Last week, Regionalitics spoke to Mr Ramanandi, Headteacher at St Joseph’s Catholic Primary School in Gateshead and architect of the petition ‘Increase Funding for Schools’. Perhaps surprisingly, Mr Ramanandi vows to remain both positive and hopeful about the long-term prospects for the UK’s state-funded education – despite the evident challenges facing the sector.
‘I’m encouraged because MPs across all parties and all regions are recognising the need to paint a national picture’, he said. ‘We’re all looking to cut staff, cut back on activities for children and non-core enrichment such as music and art. We aren’t in this position because of mismanagement. It’s because the money just isn’t there. This petition and associated debate made that clear: this isn’t about politics.’
But for all his unstilted confidence that the DfE will inevitably concede to real-terms funding increases in primary and secondary schools, a quick look at the data presents one difficult question: how?
Above all else, there’s the frustrating veneer of resistance by Government to truly grasp the gravity of the situation. Ministers blithely continue to draw on comparisons with 1990 and 2000 funding-levels, maintaining that ‘more money is going into our schools than ever before’. Utterly fictitious in real-terms, ‘School Cuts’ monitoring and activism service, maintained by the National Education Union, stress that 9 in 10 schools in England have faced cuts to per-pupil funding since 2015: that’s £5.4bn in real-terms.
One headteacher based in Durham told me that the local authority is facing a budget shortfall of £5.6 million in special educational needs provision over the next financial year, with the money having to come out of the general council budget on a one-off basis. Even in stoutly Conservative authorities, such as West Sussex, rural schools are suffering from unprecedented cut-backs to resources, teaching and non-teaching staff. Ministers are so wrapped-up in fruitless debates around Brexit that they are refusing to listen to the plight of MPs from their own political party.
Information provided by the Commons Library echoes the concerns of the National Head Teachers Association and the National Governance Association, stipulating that ‘there has been a clear decline in spending in the five years from 2012-2013 onwards.’ According to that same Commons Library data, public spending per head on education in 2016-2017 remained highest in London at around £1,600. It was lowest in the South East and South West of England at £1,200.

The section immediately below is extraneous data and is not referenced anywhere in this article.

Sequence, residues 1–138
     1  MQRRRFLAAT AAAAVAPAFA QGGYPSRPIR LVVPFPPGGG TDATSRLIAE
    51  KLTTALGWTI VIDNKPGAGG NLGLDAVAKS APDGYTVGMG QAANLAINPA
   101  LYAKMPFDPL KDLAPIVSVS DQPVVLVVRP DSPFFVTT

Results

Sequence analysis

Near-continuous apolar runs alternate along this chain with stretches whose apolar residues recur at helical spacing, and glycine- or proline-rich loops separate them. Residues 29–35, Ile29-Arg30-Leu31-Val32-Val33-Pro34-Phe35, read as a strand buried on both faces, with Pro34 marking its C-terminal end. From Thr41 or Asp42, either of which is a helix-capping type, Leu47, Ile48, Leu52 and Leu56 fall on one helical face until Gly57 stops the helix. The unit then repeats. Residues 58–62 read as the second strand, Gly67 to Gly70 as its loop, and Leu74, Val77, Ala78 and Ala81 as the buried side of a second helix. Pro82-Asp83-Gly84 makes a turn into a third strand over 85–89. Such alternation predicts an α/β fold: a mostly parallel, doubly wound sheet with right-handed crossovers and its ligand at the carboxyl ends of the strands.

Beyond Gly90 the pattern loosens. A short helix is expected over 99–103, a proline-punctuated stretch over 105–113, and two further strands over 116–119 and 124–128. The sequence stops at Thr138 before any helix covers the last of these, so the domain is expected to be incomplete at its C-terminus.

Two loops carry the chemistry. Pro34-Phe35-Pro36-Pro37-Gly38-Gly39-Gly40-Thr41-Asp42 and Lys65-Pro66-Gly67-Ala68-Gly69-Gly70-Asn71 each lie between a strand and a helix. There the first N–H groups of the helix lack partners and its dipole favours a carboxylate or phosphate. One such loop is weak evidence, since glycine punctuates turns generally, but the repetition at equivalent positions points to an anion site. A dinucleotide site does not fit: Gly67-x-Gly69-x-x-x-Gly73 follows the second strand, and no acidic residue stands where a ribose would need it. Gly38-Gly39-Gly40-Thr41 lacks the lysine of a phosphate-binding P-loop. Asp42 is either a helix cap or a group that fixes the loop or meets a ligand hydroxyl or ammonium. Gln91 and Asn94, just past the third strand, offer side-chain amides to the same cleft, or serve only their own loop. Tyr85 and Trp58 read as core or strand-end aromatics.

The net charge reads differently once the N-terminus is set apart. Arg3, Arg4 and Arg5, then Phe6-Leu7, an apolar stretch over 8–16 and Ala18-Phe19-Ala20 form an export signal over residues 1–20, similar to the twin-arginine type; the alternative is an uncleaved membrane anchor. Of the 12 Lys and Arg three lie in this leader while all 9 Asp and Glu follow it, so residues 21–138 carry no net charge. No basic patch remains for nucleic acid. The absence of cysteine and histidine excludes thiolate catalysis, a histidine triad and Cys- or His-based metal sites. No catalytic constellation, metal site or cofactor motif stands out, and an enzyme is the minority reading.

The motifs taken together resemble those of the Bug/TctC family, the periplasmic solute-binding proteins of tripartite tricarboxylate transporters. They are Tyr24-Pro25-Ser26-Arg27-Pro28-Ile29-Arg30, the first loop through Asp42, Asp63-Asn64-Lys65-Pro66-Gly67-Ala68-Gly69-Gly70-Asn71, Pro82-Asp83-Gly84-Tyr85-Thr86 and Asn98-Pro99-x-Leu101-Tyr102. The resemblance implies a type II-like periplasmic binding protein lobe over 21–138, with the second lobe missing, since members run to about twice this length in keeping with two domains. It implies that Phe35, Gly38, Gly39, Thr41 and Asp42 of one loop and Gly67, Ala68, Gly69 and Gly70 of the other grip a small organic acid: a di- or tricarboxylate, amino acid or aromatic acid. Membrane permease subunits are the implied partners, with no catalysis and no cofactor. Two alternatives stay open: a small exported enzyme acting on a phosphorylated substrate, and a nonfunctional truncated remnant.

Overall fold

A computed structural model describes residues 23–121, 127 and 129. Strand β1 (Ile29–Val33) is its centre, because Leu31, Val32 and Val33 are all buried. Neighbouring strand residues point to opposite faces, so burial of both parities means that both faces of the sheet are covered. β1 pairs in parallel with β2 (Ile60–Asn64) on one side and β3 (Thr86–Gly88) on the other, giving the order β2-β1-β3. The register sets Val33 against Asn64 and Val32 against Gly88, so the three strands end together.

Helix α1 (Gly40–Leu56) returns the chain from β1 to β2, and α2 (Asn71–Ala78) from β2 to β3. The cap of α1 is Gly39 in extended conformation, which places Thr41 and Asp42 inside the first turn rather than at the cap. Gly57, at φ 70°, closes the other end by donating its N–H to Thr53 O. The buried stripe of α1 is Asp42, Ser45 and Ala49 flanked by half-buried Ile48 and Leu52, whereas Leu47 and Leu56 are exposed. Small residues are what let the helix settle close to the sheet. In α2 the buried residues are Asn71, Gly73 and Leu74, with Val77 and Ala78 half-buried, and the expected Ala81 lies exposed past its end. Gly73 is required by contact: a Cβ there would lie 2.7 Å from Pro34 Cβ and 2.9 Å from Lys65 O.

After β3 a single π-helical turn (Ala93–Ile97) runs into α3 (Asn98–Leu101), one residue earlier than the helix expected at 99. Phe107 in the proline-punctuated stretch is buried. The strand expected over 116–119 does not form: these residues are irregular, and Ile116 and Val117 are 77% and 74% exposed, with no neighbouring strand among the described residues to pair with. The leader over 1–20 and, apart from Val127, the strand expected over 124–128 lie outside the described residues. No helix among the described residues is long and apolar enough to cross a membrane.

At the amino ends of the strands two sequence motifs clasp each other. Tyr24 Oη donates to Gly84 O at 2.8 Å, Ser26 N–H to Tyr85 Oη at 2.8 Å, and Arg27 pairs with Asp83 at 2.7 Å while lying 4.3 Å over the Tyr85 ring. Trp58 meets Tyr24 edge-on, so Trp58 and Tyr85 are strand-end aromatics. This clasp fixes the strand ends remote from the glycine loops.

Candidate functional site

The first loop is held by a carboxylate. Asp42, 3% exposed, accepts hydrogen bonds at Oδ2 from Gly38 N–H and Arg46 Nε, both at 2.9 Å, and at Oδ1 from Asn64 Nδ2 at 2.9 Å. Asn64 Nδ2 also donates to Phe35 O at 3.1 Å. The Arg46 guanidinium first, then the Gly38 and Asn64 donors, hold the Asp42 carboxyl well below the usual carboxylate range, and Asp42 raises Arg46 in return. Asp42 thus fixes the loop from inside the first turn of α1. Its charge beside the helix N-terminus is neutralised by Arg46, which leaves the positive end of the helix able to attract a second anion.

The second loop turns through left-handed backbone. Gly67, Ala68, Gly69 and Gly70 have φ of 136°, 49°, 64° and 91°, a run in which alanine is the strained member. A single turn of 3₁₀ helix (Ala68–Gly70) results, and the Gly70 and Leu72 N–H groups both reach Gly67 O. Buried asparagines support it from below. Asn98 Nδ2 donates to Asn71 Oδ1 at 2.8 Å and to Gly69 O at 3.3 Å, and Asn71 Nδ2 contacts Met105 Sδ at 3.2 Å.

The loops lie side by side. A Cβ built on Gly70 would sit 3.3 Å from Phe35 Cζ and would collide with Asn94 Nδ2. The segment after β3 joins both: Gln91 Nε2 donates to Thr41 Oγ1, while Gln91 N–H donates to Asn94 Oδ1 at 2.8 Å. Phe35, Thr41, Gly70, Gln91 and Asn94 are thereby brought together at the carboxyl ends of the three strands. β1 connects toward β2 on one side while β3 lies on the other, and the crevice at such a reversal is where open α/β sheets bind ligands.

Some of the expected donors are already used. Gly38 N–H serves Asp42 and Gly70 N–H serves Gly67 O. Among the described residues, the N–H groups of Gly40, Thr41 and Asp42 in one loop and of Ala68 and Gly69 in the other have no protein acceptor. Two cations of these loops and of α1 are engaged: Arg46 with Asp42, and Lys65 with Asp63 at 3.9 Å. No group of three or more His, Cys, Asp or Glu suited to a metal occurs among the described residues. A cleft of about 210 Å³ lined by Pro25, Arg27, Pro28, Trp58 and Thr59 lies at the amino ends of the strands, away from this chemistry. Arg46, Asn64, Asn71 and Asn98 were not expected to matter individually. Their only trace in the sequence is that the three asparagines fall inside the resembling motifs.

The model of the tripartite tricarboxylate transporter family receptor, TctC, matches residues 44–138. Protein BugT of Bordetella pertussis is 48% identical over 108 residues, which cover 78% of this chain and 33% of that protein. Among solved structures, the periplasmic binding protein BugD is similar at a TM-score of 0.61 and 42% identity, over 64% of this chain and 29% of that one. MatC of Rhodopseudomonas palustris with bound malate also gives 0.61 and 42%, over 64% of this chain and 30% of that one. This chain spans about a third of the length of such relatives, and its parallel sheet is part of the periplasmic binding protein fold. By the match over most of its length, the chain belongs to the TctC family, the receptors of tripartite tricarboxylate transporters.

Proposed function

Even more frustrating was Education Minister Nick Gibb’s concluding remarks in the Commons debate prompted by Mr Ramanandi’s petition. Besides reiterating tired taunts that schools are receiving unprecedented levels of funding when measured by other means, Mr Gibb also suggested that head teachers use a ‘new benchmarking service’ to compare their school’s financial data with similar schools – and spend less money on advertising for recruitment. Gibb was unconcerned that ‘benchmarking’ is a practice used by teachers for many years, and that recruitment advertising swallows a tiny proportion of school’s overall budgets. The overwhelming – and infuriatingly defiant – perception by the Government remains that teachers’ failures to ‘balance the books’ is down to financial mismanagement rather than Government flippancy.
While Mr Ramanandi doesn’t disagree that the debate itself was rather deflating, he tells me that his positivity isn’t because of an immediate expectation that teachers’ demands will be met without delay. Rather, teachers are concentrating on pushing for change in anticipation of the Comprehensive Spending Review.
‘What you’ll actually find is that this isn’t a regional issue: nor is it a case of inner-city areas versus their rural counterparts. Everyone is facing a squeeze’, he said.
‘If you remember “The London Challenge”, a programme launched by the UK’s Labour Government in 2003, that completely transformed the capital’s state education system. That’s why so many MPs outside of London now talk about this ‘fair-funding’ model: the idea that money should be available based on need. Headteachers and MPs nation-wide don’t want to take money away from other schools; they just want more money in the system. They want to see the kind of transformation that took place in London but never reached the outskirts. I’m confident that sooner or later the government will realise boosting educational attainment everywhere is in everyone’s interests.’
Brexit, of course, is getting in the way for now. But the National Head Teachers Association continue to take ‘all steps necessary to achieve the aim of a 10-year funding plan for schools.’ The NAHT annual conference recently backed a motion committing the union to industrial action if persistent underfunding is not addressed in the spending review. NAHT general secretary Paul Whiteman told the BBC that the union will ‘work with government, advise and campaign.’ Meanwhile, Durham Councillor Olwyn Gunn, Cabinet member for children and young people’s services, added that she hoped ‘intense lobbying will result in increased funding from the 2020/21 Comprehensive Spending Review’.
‘This is why I’m positive’, Mr Ramanandi admits, ‘because I know that the messages delivered by teachers and local authorities nationwide will reach the DfE loud and clear. We live in very uncertain times. It’s difficult to know who will even be in power by the Autumn. But our children still need to be educated. This petition and debate showed that education is a topic MPs care very strongly about. Education underpins everything else in society. It has to move up the Government’s priority list.’
The onus now, of course, falls squarely upon the heads of Government. Only time will tell if Mr Ramanandi’s position is justified. I’m sure many teachers will not be feeling quite so reassured.